The best part of Coach K’s Lakers saga has been the aftermath. A master of illusion, Krzyzewski has actually painted his publicized deliberations as proof of his great loyalty to the university. To hear the man talk, one would think this was the only time that he has seriously contemplated leaving Duke. ‘It became apparent,’ K explained, ‘that this decision was somewhat easier to make because you have to follow your heart and lead with it, and Duke has always taken up my whole heart.’ It was an interesting statement coming from a man who flirted with three other NBA franchises during the previous decade. K spawned a similar media frenzy in 1990 as he entertained an offer from the Celtics. Four years later, he talked turkey with the Miami Heat. Also in 1994, he discussed a coaching position with the Portland Trailblazers – all in his usual public fashion. (Interestingly, 1994 is the same year during which Krzyzewski was ‘forced’ to take the season off because of his extreme ‘exhaustion.’) The simple fact is that – despite his claimed allegiance to Duke – K routinely bluffs his departure whenever he wishes to stroke his ego, pad his wallet, stymie criticism, or land a new practice facility.

And still the media has happily bought into this false take on the Lakers saga. New York Times writer Michael Sokolove, in his lovefest piece entitled ‘Follow Me,’ called K’s decision ’something extraordinary.’ The article proceeded to explain that Krzyzewski’s decision to turn down millions rendered him ‘even more worthy of admiration.’ Consider the man’s full history and decide which is the more accurate perception.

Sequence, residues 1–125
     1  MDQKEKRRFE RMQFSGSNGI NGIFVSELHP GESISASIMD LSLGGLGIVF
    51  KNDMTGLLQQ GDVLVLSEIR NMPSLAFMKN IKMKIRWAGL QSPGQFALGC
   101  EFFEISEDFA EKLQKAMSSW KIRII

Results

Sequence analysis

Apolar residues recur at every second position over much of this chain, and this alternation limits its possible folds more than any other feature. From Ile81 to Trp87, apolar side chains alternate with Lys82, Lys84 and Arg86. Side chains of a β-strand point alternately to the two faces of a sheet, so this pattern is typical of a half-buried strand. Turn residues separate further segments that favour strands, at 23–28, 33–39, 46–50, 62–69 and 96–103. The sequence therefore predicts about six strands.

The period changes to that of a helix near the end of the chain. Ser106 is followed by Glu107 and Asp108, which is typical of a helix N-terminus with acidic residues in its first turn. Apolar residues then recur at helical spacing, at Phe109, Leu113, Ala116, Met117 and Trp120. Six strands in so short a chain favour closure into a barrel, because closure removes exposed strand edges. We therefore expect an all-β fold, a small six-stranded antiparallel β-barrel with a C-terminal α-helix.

Leadership During Crisis: the 1994-95 season

A man’s true colors show during times of crisis. For K, it was the 1994-95 season. That was the year that Duke suffered through a 13-18 season. Knowing when to fold them, K sat out the majority of the season, citing an ailing back and extreme ‘exhaustion.’ (This mind you, from a man who writes the following in his book on leadership: ‘During critical periods, a leader is not allowed to feel sorry for himself, to be down, to be angry, or to be weak. Leaders must beat back these emotions.’) He delegated head coaching duties to assistant coach Pete Gaudet. Any standup guy would have accepted responsibility for the season that unfolded with his players, at his school, following his game plans. Classy Coach K, however, petitioned the NCAA to have the season’s win-loss record stricken from his career totals. It was another curious move for a guy who espouses the following philosophy: ‘A leader has to be positive about all things that happen to his team. Look at nothing in the past as failure.